You really must learn this technique — it is an easy, effective, and predictable way of treating modest degrees of corneal astigmatism. In this video I give you my personal nomogram and method for success with paired phaco incisions. This is not a new idea, and in fact, it was first described decades ago and has stood the test of time.
There is some variation in the degree of astigmatic effect depending on multiple factors such as incision size, incision placement, incision position, incision tunnel length, patient age, corneal diameter and corneal pachymetry. For most of our cataract patients, the effect of these factors is limited, and we can come up with a reasonable and predictable nomogram to treat astigmatism.
A wider incision will induce more corneal flattening, as will more central placement, inside the limbal vessels. A shorter tunnel length will also cause more corneal flattening, but it may not seal as well as an incision with a longer tunnel length. Patient age can affect corneal rigidity, and we expect more effect in older patients. Small anterior segments with shorter white-to-white corneal diameters may have more effect from the same width incision as a larger eye.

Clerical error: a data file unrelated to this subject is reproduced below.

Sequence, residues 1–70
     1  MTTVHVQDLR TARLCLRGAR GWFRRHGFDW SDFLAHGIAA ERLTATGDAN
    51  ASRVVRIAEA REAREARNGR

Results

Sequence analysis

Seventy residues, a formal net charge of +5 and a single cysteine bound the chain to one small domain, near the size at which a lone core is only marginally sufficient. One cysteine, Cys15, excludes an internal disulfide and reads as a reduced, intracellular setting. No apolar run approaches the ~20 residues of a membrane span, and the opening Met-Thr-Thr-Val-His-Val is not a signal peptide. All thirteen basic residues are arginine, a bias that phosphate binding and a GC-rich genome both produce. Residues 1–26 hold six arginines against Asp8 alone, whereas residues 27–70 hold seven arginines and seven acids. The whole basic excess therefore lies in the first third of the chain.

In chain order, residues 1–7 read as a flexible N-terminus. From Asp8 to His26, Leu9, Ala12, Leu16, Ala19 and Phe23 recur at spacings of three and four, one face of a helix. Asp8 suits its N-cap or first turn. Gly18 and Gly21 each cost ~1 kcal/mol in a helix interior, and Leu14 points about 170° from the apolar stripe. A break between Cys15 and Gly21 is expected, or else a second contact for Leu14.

We found that for patients with ATR astigmatism, placement of paired phaco incisions on the steep meridian gave an astigmatic benefit of 0.7 D of treatment, while those having WTR astigmatism, the effect was larger at about 1 D of flattening. We have since used this nomogram for many more patients and have found the results to be relatively consistent. I encourage you to try using paired phaco incisions in your own patients to address astigmatism at the time of cataract surgery.
My nomogram for astigmatism correction with paired 2.8 mm-wide incisions is:
Click below for the video about double phaco incisions to treat astigmatism: